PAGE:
Dinorwig Slate Quarry Mountain Landscape

“Yn wyneb pob caledi

Y sydd neu eto ddaw

Dod gadarn gymorth imi

I lechu yn dy law”

[In face of all the hardship/that’s been, or still to come/grant me thy help, as ever/to shelter in thy hand]

Llyfr Emynau a Thonau y Methodistiaid Calfinaidd, 1929. [ part of hymn 71, in the Calvinistic Methodist hymn book. Sung at strikes and rallies held by the North Wales Quarrymen’s Union]


Listed below are notable elements within the World Heritage Site for the Slate Landscape of Northwest Wales, and links to information on public access:


The Slate Landscape of Northwest Wales is undoubtedly fascinating, but by it's very nature can be remote, dangerous and challenging. A significant proportion of the landscape is within private ownership and some of this on land where no public access is permitted.

Before you set off to explore the slate landscape, ask yourself, am I allowed to access this site? Do I have the right gear? Do I know what the weather will be like? Do I have the knowledge and skills for the day? Go to AdventureSmart.uk to find out how to enjoy your visit safely.

© Crown copyright: RCAHMW

This area is centred on Dinorwig Quarry. It’s an astoundingly beautiful landscape, with Yr Wyddfa (Snowdon), Llyn Padarn and Llyn Peris at it's heart. Dolbadarn Castle has guarded this valley since the 13th Century. As in Dyffryn Ogwen, the wealth of an aristocratic landowner underpinned development of the quarry – in this instance, the Assheton Smith (later Duff) family of the Faenol estate. The rights to this land were granted by influential friends at Westminster in 1806.

© Crown copyright: RCAHMW

Dinorwig Quarry

In its time, Dinorwig Quarry was the second largest in the world, and was worked between 1787 and 1969. It contains over 30 galleries, or terraces, each linked to a rubble tip. Each is also linked to one of the inclined railway systems which are a feature at this quarry. These were in use almost to the end. After closure in 1969 the site was soon purchased by a company which went on to develop a hydro electricity scheme here. This meant that almost all structures survived. The Australia gallery, with its huge mill building, along with its electrically powered equipment dating from the 1920s, is a good example.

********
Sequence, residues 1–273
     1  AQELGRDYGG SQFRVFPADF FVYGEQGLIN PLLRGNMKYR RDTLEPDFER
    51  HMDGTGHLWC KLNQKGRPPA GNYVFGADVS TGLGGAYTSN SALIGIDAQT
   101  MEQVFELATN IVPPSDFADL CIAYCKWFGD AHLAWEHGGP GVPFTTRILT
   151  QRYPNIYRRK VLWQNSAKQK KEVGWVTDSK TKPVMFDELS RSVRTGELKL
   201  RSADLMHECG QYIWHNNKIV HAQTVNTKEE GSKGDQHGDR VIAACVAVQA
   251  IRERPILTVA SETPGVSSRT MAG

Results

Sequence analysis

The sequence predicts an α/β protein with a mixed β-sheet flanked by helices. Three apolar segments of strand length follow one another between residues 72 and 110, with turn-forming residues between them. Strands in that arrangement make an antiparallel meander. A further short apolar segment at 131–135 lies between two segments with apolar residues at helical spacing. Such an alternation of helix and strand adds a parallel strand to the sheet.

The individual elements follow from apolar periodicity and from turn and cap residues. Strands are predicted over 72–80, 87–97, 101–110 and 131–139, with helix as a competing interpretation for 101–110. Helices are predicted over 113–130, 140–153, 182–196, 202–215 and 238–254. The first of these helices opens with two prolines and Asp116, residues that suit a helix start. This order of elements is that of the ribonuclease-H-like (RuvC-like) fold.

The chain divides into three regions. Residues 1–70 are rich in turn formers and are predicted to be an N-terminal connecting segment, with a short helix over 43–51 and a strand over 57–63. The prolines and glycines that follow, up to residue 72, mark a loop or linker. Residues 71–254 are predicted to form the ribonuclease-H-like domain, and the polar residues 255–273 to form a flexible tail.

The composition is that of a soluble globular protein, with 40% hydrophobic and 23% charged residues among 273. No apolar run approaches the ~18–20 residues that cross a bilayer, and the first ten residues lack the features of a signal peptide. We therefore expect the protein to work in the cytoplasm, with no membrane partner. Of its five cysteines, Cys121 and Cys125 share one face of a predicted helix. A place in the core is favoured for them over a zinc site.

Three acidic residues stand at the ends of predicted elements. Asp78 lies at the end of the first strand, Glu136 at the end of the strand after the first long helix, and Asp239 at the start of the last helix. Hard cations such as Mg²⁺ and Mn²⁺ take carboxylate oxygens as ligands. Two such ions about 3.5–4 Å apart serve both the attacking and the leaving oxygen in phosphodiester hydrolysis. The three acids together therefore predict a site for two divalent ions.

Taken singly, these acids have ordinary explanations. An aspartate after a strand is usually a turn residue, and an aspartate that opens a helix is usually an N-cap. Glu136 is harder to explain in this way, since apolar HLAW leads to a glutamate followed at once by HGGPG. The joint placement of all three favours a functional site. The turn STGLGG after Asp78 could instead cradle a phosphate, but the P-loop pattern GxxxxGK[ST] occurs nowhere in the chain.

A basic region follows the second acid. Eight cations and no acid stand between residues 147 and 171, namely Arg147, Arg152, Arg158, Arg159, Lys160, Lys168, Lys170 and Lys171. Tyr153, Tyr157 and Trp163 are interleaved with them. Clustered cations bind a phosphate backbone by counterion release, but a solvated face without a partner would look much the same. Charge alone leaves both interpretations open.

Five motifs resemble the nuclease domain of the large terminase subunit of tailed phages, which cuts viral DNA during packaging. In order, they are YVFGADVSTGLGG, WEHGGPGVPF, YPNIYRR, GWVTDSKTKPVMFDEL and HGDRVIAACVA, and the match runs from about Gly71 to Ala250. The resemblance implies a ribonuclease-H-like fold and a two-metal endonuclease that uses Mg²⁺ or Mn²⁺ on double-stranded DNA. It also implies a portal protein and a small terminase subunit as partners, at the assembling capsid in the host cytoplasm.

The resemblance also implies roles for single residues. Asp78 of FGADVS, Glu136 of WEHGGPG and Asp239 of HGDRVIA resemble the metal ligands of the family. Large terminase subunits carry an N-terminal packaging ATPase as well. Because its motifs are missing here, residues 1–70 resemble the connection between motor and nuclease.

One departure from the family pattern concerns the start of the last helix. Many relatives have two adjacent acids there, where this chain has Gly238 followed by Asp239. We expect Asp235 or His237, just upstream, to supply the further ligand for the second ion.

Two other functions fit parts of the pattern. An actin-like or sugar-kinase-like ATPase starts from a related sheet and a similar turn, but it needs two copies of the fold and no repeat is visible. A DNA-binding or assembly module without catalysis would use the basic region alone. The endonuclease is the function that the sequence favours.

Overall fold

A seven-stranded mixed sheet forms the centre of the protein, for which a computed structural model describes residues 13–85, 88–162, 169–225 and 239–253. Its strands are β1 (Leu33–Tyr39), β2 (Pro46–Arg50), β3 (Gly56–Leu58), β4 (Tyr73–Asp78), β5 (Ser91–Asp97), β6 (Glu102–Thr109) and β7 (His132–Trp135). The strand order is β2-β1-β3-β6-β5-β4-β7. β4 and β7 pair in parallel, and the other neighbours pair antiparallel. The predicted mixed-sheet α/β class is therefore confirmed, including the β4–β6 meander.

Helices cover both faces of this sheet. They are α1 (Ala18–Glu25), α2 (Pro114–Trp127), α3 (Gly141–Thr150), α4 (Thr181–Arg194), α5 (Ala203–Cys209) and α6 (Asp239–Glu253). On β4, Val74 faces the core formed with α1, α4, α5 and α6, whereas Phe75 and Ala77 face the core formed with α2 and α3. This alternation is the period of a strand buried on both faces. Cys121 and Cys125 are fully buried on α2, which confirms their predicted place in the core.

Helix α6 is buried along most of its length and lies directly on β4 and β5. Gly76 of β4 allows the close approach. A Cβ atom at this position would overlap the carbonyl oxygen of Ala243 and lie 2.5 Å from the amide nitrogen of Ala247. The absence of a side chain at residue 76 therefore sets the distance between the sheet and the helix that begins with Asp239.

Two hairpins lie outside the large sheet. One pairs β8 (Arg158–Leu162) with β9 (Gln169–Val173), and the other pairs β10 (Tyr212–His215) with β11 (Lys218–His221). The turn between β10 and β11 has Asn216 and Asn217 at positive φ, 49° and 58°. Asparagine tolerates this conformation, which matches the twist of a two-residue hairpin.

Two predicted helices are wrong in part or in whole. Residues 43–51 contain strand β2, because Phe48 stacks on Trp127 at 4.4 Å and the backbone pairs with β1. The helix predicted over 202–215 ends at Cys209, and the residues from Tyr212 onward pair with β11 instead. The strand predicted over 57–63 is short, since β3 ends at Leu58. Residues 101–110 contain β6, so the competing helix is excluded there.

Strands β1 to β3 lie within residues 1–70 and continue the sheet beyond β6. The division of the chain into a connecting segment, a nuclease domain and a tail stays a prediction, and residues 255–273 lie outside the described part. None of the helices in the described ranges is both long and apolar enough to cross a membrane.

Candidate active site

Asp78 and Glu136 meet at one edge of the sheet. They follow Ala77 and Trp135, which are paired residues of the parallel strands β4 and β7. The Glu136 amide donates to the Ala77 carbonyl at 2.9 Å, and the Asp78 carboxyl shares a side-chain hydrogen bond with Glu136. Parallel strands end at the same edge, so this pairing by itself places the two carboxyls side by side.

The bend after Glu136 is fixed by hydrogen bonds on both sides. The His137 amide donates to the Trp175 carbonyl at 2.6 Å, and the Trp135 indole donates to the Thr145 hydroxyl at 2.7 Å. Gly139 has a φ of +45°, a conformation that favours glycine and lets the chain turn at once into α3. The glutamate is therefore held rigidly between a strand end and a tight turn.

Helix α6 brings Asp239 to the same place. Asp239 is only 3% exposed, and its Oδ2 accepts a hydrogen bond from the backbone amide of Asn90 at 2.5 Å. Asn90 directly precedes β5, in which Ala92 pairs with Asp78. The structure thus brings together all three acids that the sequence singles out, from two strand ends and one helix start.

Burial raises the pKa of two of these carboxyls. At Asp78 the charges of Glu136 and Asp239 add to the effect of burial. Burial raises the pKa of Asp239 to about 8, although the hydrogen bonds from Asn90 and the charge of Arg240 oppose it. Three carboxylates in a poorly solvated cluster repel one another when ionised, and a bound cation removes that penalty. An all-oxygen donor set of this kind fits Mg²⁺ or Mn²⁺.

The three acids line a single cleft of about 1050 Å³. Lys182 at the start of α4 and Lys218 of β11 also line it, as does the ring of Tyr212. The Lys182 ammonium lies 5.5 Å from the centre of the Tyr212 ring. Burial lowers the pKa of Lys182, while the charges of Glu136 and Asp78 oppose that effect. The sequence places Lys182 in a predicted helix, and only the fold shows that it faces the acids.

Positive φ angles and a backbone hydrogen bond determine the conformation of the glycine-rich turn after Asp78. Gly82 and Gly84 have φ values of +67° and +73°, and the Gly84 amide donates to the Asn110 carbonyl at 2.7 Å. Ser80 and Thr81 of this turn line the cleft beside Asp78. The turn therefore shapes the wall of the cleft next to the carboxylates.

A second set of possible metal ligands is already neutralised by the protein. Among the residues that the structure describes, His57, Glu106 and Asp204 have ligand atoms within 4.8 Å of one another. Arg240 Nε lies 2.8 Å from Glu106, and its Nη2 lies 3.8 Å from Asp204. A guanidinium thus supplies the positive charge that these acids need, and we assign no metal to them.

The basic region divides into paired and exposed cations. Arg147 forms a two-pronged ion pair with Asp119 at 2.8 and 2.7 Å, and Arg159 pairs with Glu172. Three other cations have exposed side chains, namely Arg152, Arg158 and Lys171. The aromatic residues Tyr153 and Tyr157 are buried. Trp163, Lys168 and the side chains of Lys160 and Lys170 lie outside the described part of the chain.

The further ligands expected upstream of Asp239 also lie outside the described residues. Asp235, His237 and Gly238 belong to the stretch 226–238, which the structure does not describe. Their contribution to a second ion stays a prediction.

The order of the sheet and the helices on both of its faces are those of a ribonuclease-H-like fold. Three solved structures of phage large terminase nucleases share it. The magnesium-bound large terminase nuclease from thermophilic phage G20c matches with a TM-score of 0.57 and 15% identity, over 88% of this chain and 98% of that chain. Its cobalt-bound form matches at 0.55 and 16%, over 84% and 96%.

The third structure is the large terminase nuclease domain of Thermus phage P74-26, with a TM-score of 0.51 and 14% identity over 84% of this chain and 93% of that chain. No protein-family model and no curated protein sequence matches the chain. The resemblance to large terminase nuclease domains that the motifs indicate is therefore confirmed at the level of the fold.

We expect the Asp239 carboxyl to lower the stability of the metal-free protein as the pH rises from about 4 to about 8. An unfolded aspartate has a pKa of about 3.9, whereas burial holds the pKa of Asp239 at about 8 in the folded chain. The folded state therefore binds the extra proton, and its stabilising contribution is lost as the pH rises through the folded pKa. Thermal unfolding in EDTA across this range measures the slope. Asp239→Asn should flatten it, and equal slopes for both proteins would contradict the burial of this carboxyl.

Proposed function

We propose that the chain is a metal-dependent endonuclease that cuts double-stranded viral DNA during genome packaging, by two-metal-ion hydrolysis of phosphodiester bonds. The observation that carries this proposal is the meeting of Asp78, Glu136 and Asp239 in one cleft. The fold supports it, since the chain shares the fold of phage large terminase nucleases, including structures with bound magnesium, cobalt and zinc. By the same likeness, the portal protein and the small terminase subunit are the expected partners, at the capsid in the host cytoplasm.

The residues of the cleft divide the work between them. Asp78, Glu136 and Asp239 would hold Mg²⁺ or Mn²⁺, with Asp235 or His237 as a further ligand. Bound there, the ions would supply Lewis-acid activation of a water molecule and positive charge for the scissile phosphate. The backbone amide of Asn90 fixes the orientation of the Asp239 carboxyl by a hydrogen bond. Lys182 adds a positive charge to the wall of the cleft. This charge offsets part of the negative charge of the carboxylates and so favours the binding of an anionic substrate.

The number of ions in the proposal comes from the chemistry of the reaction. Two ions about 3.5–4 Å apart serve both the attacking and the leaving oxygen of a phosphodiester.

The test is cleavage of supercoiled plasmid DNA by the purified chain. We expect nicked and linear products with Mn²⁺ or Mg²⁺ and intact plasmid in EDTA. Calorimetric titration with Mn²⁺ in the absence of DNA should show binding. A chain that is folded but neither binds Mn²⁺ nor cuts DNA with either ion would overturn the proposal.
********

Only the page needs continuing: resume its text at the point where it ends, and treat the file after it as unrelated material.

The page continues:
Dinorwig Incline
© Hawlfraint Ymddiriedolaeth Archeolegol Gwynedd Archaeological Trust Copyright
Australia Mill
© Hawlfraint Ymddiriedolaeth Archeolegol Gwynedd Archaeological Trust Copyright

Gilfach Du Workshops

The well-designed engineering workshops at Gilfach Ddu, powered by a massive waterwheel, are an expression of confidence and pride. All the machinery, throughout the building, was at one time powered by the largest surviving water wheel on the British mainland – and it still works. The buildings and their content are a treasure house of the machinery, the skills, and the resources required to operate and maintain a huge quarry. The workshops were reopened in 1972 as one of the branches of the National Museum of Wales. Visitors can see displays of slate splitting and trimming skills and nearby one of the inclines at Vivian quarry has been restored to working order. There is also an opportunity here to enjoy a train ride on the steam operated Llanberis Lake Railway along part of the 1840s built course of the quarry’s second railway.

Slate Museum
© Crown copyright: RCAHMW

Moving Slate

Originally, a network of purpose-built roads was used for transporting slate. These led down to the shores of Llyn Padarn, and later down to the Menai Strait.

Road Gefnan
© Crown copyright: RCAHMW

Innovation was important, and in 1825, the quarry’s first railroad was opened, inspired by Penrhyn Quarry’s 1801 tramway. Then, in the 1840s, a far more sophisticated railway was opened, running along the shore of Llyn Padarn. This was the first of the slate quarry railways to use steam locomotives. Its designers had learnt about the technology while working with Robert Stephenson and Isambard Brunel, both renowned engineers.

© Crown copyright: RCAHMW

Life and Living

A number of well populated, characterful villages developed in the vicinity of the quarry. Plots of land were leased for the construction of homes for quarrymen, along the road leading to the upper quarry. The course of this road, and then the quarry’s first railroad, led to the development of the villages of Deiniolen and Clwt y Bont. Homes here were owned by the quarrymen themselves and not under the influence of the quarry owner. But the Gothic church nearby would be a constant reminder of that influence.

Deiniolen Rhes Fawr
© Hawlfraint Richard Hayman Copyright

The quarrymen who travelled from a greater distance, perhaps from Anglesey, would live in “barracks”. This is the Anglesey barracks, in use until 1937.

Anglesey Barracks
© Crown copyright: RCAHMW

The Hospital

This was built in a prominent location above Llyn Padarn and was intended to display Mr Assheton Smith’s fatherly influence. The quarry surgeons made innovative use of new techniques, such as x-ray equipment, as they treated men injured at the quarry.

Quarry Hospital
© Crown copyright: RCAHMW

Craig yr Undeb [The Union Rock]

It was this paternalistic, stifling, approach that presented a challenge to the quarrymen as they set about establishing a Trade Union. Holding meetings here at Penllyn meant that they were well away from quarry owned land. The North Wales Quarrymen’s Union was established in this valley in 1874, one of the first trades unions in Wales. They would face immense struggles as they fought for justice for their members. This spot is now called Craig yr Undeb [The Union Rock].

Craig y Undeb
© Crown copyright: RCAHMW